Government Structures in the U.S.A. and the Sovereign States of the Former U.S.S.R: Power Allocation among Central, Regional, and Local Governments

By James E. Hickey Jr.; Alexej Ugrinsky | Go to book overview

8
Reconstruction in the U.S.S.R. and the Experience of the West

Vladimir A. Saveliev

The logic of social reforms in Russia once again revives the age-old debate as to whether Western social reform experience is applicable to our traditions and reality (and if so, in what way and in what forms). As we look at the discussion "Russia and the West" today, can we become a part of Western civilization, or must we seek our own entirely distinct political and economic identity?

Obviously, neither Russia's prerevolutionary past nor the present features of the West should be approached uncritically. There is something to be learned from both but neither by itself can be a model that can be recklessly copied without regard to Russia's concrete historical conditions.

The specific character of Russia today ( April 1992) is probably, above all, the specific character of a political system, of a political regime that was established in the name of "building socialism in one country." It is the fusion of the state with the sole party and hence the statization of the ruling party and the partyization of the state. The totalitarian "party-state" monster, despite the erosion of the political, economic, and ideological monopoly of the Communist Party of the Soviet Union (CPSU), permeates many pores of our social life even today.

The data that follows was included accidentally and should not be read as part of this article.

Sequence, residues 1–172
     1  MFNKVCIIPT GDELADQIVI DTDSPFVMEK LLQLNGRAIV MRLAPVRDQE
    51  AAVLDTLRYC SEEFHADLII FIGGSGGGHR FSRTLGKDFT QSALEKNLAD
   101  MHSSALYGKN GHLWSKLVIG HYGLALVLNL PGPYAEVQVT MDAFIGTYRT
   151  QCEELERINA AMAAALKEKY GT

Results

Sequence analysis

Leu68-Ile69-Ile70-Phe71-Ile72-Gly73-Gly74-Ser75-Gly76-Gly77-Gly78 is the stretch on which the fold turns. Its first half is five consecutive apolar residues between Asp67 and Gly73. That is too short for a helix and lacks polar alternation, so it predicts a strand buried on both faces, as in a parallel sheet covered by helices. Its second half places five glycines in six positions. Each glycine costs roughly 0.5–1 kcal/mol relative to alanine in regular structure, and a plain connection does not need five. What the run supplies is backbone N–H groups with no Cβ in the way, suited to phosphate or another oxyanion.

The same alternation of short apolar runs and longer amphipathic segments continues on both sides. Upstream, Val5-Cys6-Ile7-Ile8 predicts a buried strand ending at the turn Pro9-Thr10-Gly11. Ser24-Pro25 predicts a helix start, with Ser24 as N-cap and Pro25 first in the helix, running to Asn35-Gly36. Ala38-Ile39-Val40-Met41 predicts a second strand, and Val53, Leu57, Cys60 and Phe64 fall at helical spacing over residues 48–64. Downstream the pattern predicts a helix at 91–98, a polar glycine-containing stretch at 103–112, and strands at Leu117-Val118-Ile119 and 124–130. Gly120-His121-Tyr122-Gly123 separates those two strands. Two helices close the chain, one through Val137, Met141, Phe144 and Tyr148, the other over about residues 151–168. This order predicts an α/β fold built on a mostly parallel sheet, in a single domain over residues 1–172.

The weaknesses of the model of statehood that was adopted after October 1917, in simple terms, is about whether democracy can even be attained through dictatorship. Why was it that not only in our country, in Russia, but in all countries that were formerly called "peoples' democracies" or the "socialist common-wealth," moral monsters or political pygmies with tragic regularity climbed the summit of power? When did the conceptual dictatorship of the proletariat become a dictatorship in Stalin's name, a dictatorship of the bureaucratic apparatus crowned with the virtually unlimited power of one person--a kind of "socialist monarchy"? It is hardly possible to give an unequivocal answer to this question. Naturally, this did not happen in the blink of an eye, in

-90-

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